About the Author
Recent posts by Dan Parr
A gorgeous spring day was the setting for the Bears’ offseason team activities Wednesday — the second of three helmeted, no-pads practice sessions this week — and praise-singing season was in full bloom at Halas Hall.
Jay Cutler beamed about being reunited with Brandon Marshall.
“He’s a guy that I’ve missed,” the Bears' QB admitted.
Marshall, a three-time Pro Bowler, is the type of wide receiver many Bears fans have longed for, too.
The Bears traded for him and drafted Alshon Jeffery in the second round this offseason so Cutler finally would have the big playmaking targets he badly has needed, but Cutler wanted to hype one of the team's smaller receivers on Wednesday.
“Devin Hester, I think, is probably having the best camp of all the receivers,” Cutler said. “We’ve got a lot of weapons.”
The tone wasn’t much different when Marshall spoke of his and Cutler’s maturation since their days as teammates with the Broncos.
“To see where we’re at now, where our football mind is now, it’s going to be really dangerous,” he said.
Marshall went over the top when he had his turn to answer a question about Hester.
“I honestly think he’s going to have an All-Pro year this year at wide receiver and I’m just going to ride along and enjoy it with him,” said Marshall, the only current Bear who has earned any league honors at the position.
Between Marshall, Jeffery, Hester and Earl Bennett, the Bears could have at least four wide receivers with the potential to make big plays, and the team’s leader in receiving yards in each of the past two seasons — Johnny Knox — may not even play next season as he tries to return from spinal fusion surgery.
Even without Knox, there suddenly is quality depth at wide receiver in Chicago.
For old times' sake Wednesday, Cutler even managed to work in a shot at the rigid style of Mike Martz, albeit without mentioning Martz’s name, when he was asked about his level of input in the offense under Mike Tice, Martz’s replacement at offensive coordinator.
“It’s a give-and-take, and that’s a breath of fresh air around here — being able to give ideas,” Cutler said. “Everyone give ideas and let’s pick the best ones that work for everybody.”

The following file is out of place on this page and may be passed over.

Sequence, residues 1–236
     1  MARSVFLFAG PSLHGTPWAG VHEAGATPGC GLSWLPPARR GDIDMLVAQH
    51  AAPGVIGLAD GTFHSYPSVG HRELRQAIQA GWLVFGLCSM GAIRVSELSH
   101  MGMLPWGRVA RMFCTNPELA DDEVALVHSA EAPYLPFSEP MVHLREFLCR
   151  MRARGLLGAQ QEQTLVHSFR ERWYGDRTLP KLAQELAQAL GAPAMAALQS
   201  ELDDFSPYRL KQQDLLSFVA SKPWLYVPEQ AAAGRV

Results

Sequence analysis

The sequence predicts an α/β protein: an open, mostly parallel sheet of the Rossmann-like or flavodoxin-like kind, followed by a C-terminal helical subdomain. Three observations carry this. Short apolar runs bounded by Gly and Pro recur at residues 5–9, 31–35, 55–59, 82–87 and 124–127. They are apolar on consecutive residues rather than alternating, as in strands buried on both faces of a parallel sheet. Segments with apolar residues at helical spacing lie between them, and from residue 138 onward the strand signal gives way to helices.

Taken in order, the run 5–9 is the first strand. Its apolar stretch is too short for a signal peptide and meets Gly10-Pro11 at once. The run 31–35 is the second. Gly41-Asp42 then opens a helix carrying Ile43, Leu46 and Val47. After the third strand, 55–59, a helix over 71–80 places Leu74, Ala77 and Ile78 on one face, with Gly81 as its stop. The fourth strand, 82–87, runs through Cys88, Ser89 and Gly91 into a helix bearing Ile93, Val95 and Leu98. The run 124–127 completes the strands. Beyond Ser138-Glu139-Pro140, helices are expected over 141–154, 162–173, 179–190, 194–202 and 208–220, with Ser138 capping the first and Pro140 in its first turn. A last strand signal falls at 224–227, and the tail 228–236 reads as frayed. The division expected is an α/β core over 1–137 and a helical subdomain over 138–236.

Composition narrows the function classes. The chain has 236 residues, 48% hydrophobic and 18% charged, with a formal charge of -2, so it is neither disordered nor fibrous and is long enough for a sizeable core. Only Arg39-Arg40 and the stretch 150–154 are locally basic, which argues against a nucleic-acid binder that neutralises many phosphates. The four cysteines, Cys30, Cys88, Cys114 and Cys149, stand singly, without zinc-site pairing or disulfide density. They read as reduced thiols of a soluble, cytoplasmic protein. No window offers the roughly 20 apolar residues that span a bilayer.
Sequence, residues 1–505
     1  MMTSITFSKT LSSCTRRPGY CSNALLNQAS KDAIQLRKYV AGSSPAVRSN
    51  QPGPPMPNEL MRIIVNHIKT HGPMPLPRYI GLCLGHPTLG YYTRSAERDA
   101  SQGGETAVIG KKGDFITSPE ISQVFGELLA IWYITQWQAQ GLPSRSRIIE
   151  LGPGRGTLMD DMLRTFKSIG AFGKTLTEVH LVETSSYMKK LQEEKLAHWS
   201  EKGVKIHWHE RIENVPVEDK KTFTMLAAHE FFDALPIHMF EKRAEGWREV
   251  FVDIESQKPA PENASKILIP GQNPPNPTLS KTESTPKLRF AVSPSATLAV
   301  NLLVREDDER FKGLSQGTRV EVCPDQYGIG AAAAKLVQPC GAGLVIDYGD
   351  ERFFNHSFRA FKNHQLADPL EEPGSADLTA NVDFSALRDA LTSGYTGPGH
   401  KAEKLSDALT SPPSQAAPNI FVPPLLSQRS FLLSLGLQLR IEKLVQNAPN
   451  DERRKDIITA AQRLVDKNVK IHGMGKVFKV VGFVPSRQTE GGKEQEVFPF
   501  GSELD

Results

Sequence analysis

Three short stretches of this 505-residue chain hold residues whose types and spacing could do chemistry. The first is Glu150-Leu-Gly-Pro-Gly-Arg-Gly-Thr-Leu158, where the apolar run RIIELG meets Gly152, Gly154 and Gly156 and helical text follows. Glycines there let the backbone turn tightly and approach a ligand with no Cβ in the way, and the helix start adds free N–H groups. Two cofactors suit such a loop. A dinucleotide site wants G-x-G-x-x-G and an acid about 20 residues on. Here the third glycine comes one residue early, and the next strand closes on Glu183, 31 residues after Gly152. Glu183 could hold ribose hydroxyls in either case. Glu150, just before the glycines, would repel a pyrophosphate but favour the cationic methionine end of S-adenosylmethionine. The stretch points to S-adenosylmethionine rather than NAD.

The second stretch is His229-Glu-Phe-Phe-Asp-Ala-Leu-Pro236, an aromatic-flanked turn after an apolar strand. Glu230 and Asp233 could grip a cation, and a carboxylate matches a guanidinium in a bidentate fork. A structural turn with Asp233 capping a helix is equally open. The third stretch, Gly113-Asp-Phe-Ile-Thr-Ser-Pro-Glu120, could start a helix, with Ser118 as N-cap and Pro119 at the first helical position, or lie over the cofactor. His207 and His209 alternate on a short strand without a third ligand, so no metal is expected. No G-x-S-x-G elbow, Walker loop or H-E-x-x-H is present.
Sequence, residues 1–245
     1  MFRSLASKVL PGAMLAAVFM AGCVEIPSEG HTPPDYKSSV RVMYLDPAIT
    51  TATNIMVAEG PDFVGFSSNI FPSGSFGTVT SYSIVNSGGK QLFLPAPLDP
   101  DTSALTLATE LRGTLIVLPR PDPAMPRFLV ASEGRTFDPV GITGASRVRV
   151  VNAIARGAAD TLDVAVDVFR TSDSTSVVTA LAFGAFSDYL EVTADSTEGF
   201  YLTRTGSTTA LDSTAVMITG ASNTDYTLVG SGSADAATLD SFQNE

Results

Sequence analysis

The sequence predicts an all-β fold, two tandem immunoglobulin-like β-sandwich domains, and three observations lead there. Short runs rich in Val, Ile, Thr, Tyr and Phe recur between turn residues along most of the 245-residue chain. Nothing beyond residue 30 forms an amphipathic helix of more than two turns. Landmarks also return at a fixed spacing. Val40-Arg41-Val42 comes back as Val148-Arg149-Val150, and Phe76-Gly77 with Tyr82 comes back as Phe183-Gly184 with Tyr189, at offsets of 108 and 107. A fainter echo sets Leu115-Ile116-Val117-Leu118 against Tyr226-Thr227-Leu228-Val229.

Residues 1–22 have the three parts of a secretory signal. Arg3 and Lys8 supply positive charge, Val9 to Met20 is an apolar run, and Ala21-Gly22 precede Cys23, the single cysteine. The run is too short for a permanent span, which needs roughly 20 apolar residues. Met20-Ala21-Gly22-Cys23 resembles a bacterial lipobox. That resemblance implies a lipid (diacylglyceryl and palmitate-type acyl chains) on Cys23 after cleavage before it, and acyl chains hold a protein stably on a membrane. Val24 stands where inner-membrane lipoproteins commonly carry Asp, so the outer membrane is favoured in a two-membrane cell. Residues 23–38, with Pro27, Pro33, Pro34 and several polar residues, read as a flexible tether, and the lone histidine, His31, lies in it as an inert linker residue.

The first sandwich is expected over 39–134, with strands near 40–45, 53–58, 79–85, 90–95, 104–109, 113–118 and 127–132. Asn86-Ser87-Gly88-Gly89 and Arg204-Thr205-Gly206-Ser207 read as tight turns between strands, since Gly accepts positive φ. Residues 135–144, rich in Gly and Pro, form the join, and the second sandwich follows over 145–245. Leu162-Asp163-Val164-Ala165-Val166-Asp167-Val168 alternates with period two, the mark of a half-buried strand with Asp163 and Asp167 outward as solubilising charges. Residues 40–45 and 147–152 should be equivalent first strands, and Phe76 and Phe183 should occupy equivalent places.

Cutler hasn’t always appeared to be content during his time with the Bears, but he did on Wednesday, and he has reason to be following the offensive restructuring spearheaded by GM Phil Emery.
The verbal bouquets stopped flying eventually, though. Cutler’s conversation with reporters Wednesday turned toward less pleasant matters — it’s not all unicorns and rainbows on the offensive line, not even in May when defenders are not allowed to come anywhere close to touching the quarterback.
The Bears’ roster has a sturdier build than it did a year ago, but there is still some fragility to it and the most unstable area is the one charged with protecting Cutler from pass rushers.
There are only a handful of NFL teams that don’t know who will be their starter at left tackle come Week One, but the Bears are one of them, and it appears they are going to be deciding between J’Marcus Webb and Chris Williams, who split reps with the first-team offense Wednesday.
Yes, Webb and Williams. The Bears will be choosing either Webb, the 2010 seventh-round pick who started every game at left tackle last season, or Williams, the 2008 first-round pick who moved from left tackle to left guard in ’10, to patrol Cutler’s blind side.
Williams was moved to guard because he was a better fit inside and is considered a bust because has never justified how highly he was drafted (14th overall). Webb is Tice’s pet project, but he didn’t show many encouraging signs of development last season, when he allowed 14 sacks and was penalized 13 times, according to STATS LLC.
The Bears’ first-round pick in 2011, Gabe Carimi, is the presumed starter at right tackle, but he was not participating Wednesday and is still working his way back from knee surgery. We still have to see when he will be 100 percent.
OLG Chris Spencer, C Roberto Garza and ORG Lance Louis manned the interior of the O-line with the first-team offense Wednesday. There is some good, but nothing great among that trio.
This is not a rosy situation for a team that expects to compete for a title.
Cutler said it’s going to be hard to really know where the O-line is at until training camp, when players will put on pads and have to do some actual blocking.
The scarier thought, and a very real possibility, for the Bears right now is what if August doesn’t offer much reassurance about the O-line?
It might turn out to be a decent group. We don’t know.
The skies were clear Wednesday, but dark clouds will be hanging over the Bears’ offensive line late in the summer if competition and uncertainty don’t yield solid answers.